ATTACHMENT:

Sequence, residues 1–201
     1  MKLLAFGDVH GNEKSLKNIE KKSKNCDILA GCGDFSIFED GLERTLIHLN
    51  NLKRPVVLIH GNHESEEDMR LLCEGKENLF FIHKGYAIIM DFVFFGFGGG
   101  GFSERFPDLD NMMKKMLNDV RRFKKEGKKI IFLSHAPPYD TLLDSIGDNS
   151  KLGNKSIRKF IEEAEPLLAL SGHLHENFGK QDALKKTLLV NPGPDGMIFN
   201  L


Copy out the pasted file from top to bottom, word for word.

Sequence, residues 1–201
     1  MKLLAFGDVH GNEKSLKNIE KKSKNCDILA GCGDFSIFED GLERTLIHLN
    51  NLKRPVVLIH GNHESEEDMR LLCEGKENLF FIHKGYAIIM DFVFFGFGGG
   101  GFSERFPDLD NMMKKMLNDV RRFKKEGKKI IFLSHAPPYD TLLDSIGDNS
   151  KLGNKSIRKF IEEAEPLLAL SGHLHENFGK QDALKKTLLV NPGPDGMIFN
   201  L